Zvi Lowenthal worked for 44 years at The New York Times, but you never read his name.

My husband worked for seven years inches from Zvi, an avid tennis player who — with Jose, his fellow photo editor — assigned and chose every photo for The New York Times’ business section. They were, according to their co-workers, an old married couple, and it was a good match: Jose is calm, steady, ice in his veins when the shit hits the fan. Zvi was warm, kind, meticulous, the kind of guy who made sure that freelancers got paper copies of their images, a gesture very few editors would ever bother to make.

And, when Jose was a Times photographer, Zvi had also been his editor. While Jose enjoyed seeing his name in the paper with every photo he took — in newspaper parlance his “agate” — editors never do.

The team managed to keep pictures coming through the most terrifying economic crisis since the Depression. It’s not easy to illustrate corporate malfeasance!

Today, American journalists are derided by the President, of all people, as “fake” and “disgusting”, inciting violence against us at his rallies.

 

Our skills and dedication  — visible or less so — remain essential to a functional democracy.

 

 

Dreaming of a house…

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1926, Maurice Vlaminck, lithograph; acquired at auction and now in our bedroom

 

By Caitlin Kelly

Blame it on journalism, an insecure business that lays people off every day and pays poorly.

Blame it on my insistence on living close to a major city, which spikes real estate prices; I lived for 18 months, (albeit pre-Internet and pretty broke), in a small rural town in 1988. It was a very poor fit, making me wary of being so far out again.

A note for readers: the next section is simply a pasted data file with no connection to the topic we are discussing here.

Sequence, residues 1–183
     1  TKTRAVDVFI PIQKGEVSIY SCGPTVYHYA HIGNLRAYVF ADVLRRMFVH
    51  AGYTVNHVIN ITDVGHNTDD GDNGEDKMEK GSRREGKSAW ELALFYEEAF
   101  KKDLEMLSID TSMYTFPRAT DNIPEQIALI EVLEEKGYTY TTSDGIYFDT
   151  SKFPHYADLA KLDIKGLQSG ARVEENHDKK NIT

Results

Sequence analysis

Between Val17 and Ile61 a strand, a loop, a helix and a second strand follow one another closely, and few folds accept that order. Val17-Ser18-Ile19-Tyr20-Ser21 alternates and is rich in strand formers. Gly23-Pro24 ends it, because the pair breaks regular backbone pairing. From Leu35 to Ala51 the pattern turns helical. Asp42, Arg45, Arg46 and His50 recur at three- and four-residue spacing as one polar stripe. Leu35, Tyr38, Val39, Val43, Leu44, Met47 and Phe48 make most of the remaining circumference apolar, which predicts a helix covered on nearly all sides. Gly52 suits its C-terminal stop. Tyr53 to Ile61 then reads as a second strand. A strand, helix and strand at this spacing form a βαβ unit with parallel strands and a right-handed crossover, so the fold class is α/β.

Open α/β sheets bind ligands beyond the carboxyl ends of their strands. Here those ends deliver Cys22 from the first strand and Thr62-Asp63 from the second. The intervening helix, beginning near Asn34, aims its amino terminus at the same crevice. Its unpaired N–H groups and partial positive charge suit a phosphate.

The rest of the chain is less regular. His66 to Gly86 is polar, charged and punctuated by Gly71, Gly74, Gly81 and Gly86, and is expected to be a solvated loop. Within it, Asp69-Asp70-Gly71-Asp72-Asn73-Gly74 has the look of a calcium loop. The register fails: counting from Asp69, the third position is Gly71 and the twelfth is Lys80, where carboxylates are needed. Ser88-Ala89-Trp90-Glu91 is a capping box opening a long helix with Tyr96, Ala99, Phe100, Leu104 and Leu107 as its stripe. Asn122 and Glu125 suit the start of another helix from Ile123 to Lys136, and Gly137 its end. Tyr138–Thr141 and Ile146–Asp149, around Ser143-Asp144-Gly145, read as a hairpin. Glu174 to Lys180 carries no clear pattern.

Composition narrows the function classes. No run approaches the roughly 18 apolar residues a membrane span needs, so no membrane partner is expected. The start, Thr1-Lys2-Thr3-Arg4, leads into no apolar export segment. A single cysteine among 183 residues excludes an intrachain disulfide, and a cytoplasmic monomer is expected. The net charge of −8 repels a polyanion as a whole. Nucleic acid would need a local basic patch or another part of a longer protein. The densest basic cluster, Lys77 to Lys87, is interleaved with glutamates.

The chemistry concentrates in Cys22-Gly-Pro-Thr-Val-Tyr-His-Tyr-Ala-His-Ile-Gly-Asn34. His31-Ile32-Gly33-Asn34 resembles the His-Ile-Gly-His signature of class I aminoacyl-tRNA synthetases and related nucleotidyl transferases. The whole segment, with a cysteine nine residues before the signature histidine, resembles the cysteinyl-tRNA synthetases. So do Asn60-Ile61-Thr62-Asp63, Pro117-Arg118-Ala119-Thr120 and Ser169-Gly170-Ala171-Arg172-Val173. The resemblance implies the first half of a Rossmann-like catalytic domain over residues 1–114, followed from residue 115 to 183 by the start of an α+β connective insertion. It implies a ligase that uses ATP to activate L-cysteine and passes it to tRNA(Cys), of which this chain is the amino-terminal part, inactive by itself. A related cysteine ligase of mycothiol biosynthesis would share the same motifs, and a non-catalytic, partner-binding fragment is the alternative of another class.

Blame it on a lifelong love for travel, blowing bucks on a trip to Paris instead of scrimping for a larger down-payment.

And, I admit, my aesthetic preferences for homes 100+ years old and my lack of carpentry/electrical skills also in play…

But I’ve never owned a house.

I re-arranged the artwork in our bedroom recently and noticed a subconscious pattern — a French lithograph from the 1920s; an anonymous oil found at a flea market and a watercolor bought at an antiques fair.

Each shows a house, surrounded by forest or land or near a river.

Not in a suburb.

Not in a city.

But a discrete dwelling with no immediate neighbors or nearby visual impediments.

A few other factors have made home ownership feel difficult-to-impossible — working freelance with a variable income makes mortgage lenders jumpy.

The serious responsibility of costly repairs — like a roof or boiler — is intimidating.

And, with no children, no real justifiable need for extra space, like multiple bedrooms or bathrooms.

There’s also no “Canadian dream” of home ownership and — unlike the U.S. whose policies make mortgage interest a tax deduction, making home ownership more appealing — Canadian banks usually insist upon a 30 percent down payment, not the 1 percent “liar loans” that got so many American home-buyers into terrible trouble in 2008.

And houses aren’t cheap!

The ones that are would require so much time, energy and renovation my heart sinks at the prospect — and we go off on vacation instead.

I lived in a house at 19, at home with my father and his girlfriend, later wife. It was white brick, two story, probably built in the 1920s or 30s, on a busy Toronto corner and facing a park.

I lived in a house in downtown Toronto, the top floor of a narrow Victorian home, then in a sorority house for a summer and then, my last Toronto home, rented the top two floors of a small house even as I lived alone.

But since then, I’ve shared hallways and a laundry room and adjacent walls — through which I can hear our neighbors’ laughter and conversations — in a six-story co-op (owned) apartment building in a suburb of New York City.

I like our life here — there’s a pool and Hudson River views and nice landscaping and I don’t have to shovel snow or clear gutters or mow a lawn.

But I long, deeply, for a private place where I can crank up my music really loud.

Where there isn’t a long tedious list of “house rules” and restrictions on everything from bird-feeders (verboten) to grilling outdoors.

Where we could easily host multiple friends, finally able to reciprocate their house-owning hospitality to us.